You know it’s August 15th when as soon as you pass through the ticket barriers at Kudanshita Station on the Tokyo Metro — while still underground inside the station — you see a member of the riot police on duty.
Today is, of course, the day that marks Japan’s defeat to the Allies in the Second World War, often known locally as the anodyne Memorial Day for the End of the War. And the only place to be on this day is Yasukuni Shrine.
Above ground, the visitor to Japan’s controversial shrine to the war dead in central Tokyo was greeted by a motley collection of leafleters giving out literature on a range of issues. Some were plain anti-Chinese — the Nanking Massacre is a fabrication etc. — while others were campaigning for Falun Gong and other victims of Chinese government oppression. There were some people handing out leaflets about North Korean kidnappings and others raising awareness of how Taiwan is listed as a “Chinese territory” in school textbooks. On the same subject (if you will excuse the pun), several stalls were canvassing signatories for a petition to have the Kono Statement reversed.
The whole Kudanshita area had been locked down, with large sections of pavements blocked off and many side streets barricaded by police. All routes leading to the shrine had checkpoints, manned by riot police officers in full gear or regular policemen, watching who was coming in.
As you entered the shrine itself there were bilingual signs informing visitors that certain acts like handing out leaflets and raising flags were prohibited in the grounds. That being said, several flags were being openly paraded.
Uniformed police were almost always visible somewhere, along with plain-clothes security police, immediately obvious by their own “uniform” of white shirt and black slacks.
In the morning politicians had already come to “pay their respects”. This is controversial because the shrine is dedicated to the spirits of the war dead, including convicted war criminals. The more innocuous (and nationally-run) Chidorigafuchi National Cemetery is ironically within walking distance and is free from the religious taint of Yasukuni. Yasukuni Shrine is actually a private corporation and also houses the revisionist Yūshūkan War Museum.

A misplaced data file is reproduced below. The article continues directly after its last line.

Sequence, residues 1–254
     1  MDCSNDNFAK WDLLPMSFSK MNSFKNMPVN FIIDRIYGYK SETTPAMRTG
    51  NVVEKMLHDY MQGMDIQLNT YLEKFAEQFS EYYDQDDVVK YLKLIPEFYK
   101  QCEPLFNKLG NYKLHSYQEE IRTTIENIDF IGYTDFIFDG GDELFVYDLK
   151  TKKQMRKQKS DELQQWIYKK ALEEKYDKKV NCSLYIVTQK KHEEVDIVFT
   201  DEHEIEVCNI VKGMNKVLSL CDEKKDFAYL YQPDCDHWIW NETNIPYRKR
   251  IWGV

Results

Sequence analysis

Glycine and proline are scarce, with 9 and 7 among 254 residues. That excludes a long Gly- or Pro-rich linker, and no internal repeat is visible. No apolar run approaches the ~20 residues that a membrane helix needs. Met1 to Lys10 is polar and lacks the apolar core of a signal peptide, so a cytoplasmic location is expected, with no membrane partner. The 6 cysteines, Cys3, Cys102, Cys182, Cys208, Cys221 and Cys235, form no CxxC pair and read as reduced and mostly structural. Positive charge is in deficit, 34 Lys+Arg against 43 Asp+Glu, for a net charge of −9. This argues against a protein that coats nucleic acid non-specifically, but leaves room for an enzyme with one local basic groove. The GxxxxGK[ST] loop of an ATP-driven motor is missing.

Inside, a long line of visitors quietly waited to pray at the main part of the shrine. Elsewhere old men — surely too young to have fought in the war — had dressed in uniforms and went through mock military marching drills. It was pure cosplay; I saw one older gentlemen dolled up in a German army uniform. A young guy sang old songs from a tiny tome, alone. Music could usually be hear coming from somewhere. If not for all the police and barricades, it might have been just a peculiar carnival.
The queue of people waiting in the humid August afternoon were cooled down by a large fan. Even in this most sensitive and sacred of places, the Japanese ability to pay attention to the details of hospitality manifested itself.
Towering over the shrine is part of the Hōsei University campus, a private college historically with a strong New Left student movement but which has been in recent years cracking down on protest activities. (See my article in The Japan Times for more background.)
Everywhere in the shrine and walking around the Iidabashi/Kudanshita area you could hear the sound and fury of the nationalists’ black sound trucks. Belonging to various different groups from around Japan, they formed mini motorcades as they toured the area, music blaring out of the speakers or male voices screeching slogans or epithets at the police. The stone-faced riot cops manned the roads around the shrine, carefully steering the vans away in certain directions so they could vent their noisy pageant but not cause trouble.
Yasukuni is a queer montage of colliding images. Rising Sun flags carried by men and women, old and young. An elderly ultra-nationalist in his jump suit taking a break from chatting to his peers to pick up a grandchild with glee. A foreign tourist couple posing for a photo in front of the shrine while holding ice creams.
A strange place. A strange day.
For more (and much better!) images of August 15th on past years, see photographer Damon Coulter’s archive.